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techs-mechs: A Conversation with Hed's "Repository of Knowledge"


Steve Hed refers to Andy Tetmeyer ( ) (a Paris-Brest-Paris finisher) as Hed's corporate "repository of knowledge." His other titles are "wheelbuilder to the stars" and "lackey." Recently, Tetmeyer and I carried on an e-mail discussion about Hed's design process, the general use of carbon fiber, and some other stuff. While Tony Martin's and Judith Arndt's Worlds Time Trial winning clinchers will make a cameo appearance, the main focus is definitely techs-mechs. Hmm. I'm getting hungry.

(Thanks to Andy Tetmeyer for being super-helpful, and for all of the photos).


RMc: What sort of general concerns drive the design process at Hed?

AT: Well, the simple answer is speed - duh. Obviously that is a very simplistic answer. For instance, a lot of people confuse speed (and maybe quality) with light weight. While the two are not mutally exclusive, weight is about our fourth concern.

First is aerodynamics, and more specifically, aero drag at wind angles from 7 to 20 degrees. When we test a bunch of wheels in the wind tunnel, whether we're are looking different wheel depths, or comparing our wheels to other brands, we see that most wheels don't have much drag difference at zero degrees. All the way up to seven degrees there are not giant differences. After seven the differences between wheels becomes much more apparent. At 15 degrees wind angle there are very big differences between different depths, and between brands. The practical application here is that some wheels are a large percentage better than others in low wind angles, but in practical terms it only adds up to a few grams of drag (or a few seconds in 40K). At higher wind angles, a well designed wheel will crush one that was made to go fast in headwind or tailwind conditions - the difference can be more than 100 grams of drag, and over a minute time savings in 40k. Aerodynamically we're looking for the most bang for the buck.

Our next two concerns are handling and stiffness. Handling doesn't need much explanation except to say that you'll go faster in a straight line, and if you can easily manage a deeper wheel then you are going to be faster. Stiffness needs a little more explanation. We strive for stiff and efficient wheels, but it is just as important to consider the tire as part of the equation. A squirmy tire on a stiff wheel is a poor combination, but a tire that is pumped up to very high pressure is not a fast idea either. Unless you are dead, you have noticed wheels getting wider over the past few years. On a clincher, a wider rim spreads out the tire beads and changes the profile of the tire. The sidewalls straighten out and stiffen up, and the load capacity of the tire increases due to the larger air volume, so less PSI is necessary. The tire is stiffer laterally under hard efforts, corners more predictably, and rolls both faster and more comfortably. With a tubular tire air volume can't be increased by using a wider rim, but there are still benefits. A wider rim supports more of the tire, and stiffens the structure by decreasing the unsupported area of the casing. As with a clincher, cornering is improved as is rolling efficiency - due to the simple fact that a greater percentage of the casing is glued down.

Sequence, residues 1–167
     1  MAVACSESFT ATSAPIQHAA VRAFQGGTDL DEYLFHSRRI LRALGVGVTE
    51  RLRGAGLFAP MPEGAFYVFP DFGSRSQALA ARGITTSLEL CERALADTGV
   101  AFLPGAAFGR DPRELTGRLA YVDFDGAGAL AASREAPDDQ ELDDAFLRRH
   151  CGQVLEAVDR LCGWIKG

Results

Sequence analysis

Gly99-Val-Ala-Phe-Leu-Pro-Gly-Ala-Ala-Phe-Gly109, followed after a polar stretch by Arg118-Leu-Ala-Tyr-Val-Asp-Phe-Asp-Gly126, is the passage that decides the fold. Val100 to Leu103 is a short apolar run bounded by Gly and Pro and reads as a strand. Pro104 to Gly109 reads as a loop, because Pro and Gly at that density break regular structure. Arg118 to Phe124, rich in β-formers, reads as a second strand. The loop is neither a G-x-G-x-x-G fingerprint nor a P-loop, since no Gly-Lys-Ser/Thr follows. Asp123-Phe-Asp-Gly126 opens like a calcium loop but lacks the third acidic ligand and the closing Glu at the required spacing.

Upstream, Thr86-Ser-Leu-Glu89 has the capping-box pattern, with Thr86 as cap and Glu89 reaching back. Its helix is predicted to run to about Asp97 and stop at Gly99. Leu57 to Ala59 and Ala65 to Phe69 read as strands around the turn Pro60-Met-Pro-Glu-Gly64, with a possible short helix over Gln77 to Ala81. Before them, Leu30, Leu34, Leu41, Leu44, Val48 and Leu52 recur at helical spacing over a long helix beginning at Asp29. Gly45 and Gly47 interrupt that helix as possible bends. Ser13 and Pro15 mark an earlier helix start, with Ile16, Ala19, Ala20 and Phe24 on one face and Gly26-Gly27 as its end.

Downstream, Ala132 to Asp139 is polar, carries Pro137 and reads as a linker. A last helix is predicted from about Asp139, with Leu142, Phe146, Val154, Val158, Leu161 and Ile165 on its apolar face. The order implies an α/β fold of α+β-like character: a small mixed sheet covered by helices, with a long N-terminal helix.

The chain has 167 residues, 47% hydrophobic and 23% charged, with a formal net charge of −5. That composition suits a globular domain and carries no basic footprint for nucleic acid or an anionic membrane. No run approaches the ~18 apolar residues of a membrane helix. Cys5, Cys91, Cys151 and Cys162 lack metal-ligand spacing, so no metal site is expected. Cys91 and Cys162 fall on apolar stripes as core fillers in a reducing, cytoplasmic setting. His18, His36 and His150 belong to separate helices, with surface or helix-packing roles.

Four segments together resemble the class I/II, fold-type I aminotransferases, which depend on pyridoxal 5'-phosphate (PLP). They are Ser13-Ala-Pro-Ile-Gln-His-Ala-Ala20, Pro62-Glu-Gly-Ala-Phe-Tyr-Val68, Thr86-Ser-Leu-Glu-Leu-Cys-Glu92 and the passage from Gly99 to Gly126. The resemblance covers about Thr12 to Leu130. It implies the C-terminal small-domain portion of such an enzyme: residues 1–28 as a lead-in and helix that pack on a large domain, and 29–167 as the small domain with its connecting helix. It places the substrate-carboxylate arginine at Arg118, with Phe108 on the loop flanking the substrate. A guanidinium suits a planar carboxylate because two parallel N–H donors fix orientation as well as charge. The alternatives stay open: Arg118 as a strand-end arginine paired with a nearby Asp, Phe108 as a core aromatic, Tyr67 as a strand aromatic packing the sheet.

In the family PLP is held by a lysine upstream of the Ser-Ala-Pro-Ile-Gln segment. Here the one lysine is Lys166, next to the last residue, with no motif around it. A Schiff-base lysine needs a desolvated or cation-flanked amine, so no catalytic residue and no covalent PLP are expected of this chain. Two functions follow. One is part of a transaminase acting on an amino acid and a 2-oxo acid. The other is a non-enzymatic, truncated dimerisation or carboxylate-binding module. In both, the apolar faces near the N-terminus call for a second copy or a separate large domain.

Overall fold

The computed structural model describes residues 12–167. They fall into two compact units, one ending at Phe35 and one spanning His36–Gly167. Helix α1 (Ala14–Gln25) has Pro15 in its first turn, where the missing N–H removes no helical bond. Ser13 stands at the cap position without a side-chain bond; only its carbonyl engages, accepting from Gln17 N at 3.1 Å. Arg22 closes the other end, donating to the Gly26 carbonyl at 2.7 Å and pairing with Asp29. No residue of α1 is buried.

We brought out our first wide tire bed in 2006, though it was not our first wheel with a profile wider than 19mm. Steve's original CX wheel (in 1987) was 24mm wide, though it was made for a 19mm tire, not a 23.

Durability comes next. We have always strived to build wheels that will be suitable for everyday use. Race use is much harder on a wheel than commuting or training (or even touring). If a wheel can't stand up to daily use, it has limited value in a race.

Next, weight. It does not equal speed. If all things are equal, there is no question that a lighter wheel is better. However we think that a more aero, stiffer, better handling wheel that will get you all the way across the finish line will beat an uber light wheel made of the latest cotton candy/graphite/titanium alloy every time.



RMc: In particular, what factors support using carbon fiber instead of aluminum alloy?

AT: One, complicated shapes. Unless you are making a large volume of parts, aluminum is going to be extruded, cast or forged. Castings and forgings can have complex shapes, but not so much with extrusions. In the case of rims, we use an extruded aluminum clincher rim (it is pushed through the extrusion die and the rolled into a hoop) and a molded carbon tubular rim. The tubular stingers have a curved brake track that makes the wheel more aero. Trying to make that shape consistent in a rolled aluminum rim would be very difficult. Molding the stingers into that shape is much easier than it would be to extrude and roll the same profile.

Second, weight.

[Tetmeyer elaborated here in a follow-up e-mail:]

OK, went back and looked at what I wrote originally. Forging, casting, and extruding don't add much to the question. Complicated shapes do: Tubular and clincher are each problematic shapes, but in different ways. A clincher is complex because the hook has to hold the tire bead, the structure has to resist outward forces from tire pressure, and the aero profile has to work with a clincher tire. (in regards to shape... Ideally the tire does not bulge past the rim, and the whole thing has to fit into existing brakes and frames).

-or- Complex brake track curvature won't achieve much on a clincher because the tire can't nest inside the rim. You have match the tire and rim interface closely to maintain smooth airflow. Aluminium is strong and cheap, can be extruded with the necessary tire bead hook, and easily rolled round. This does not imply that carbon can't do the same things, but we don't think that carbon can do equally well at competitive cost and weight.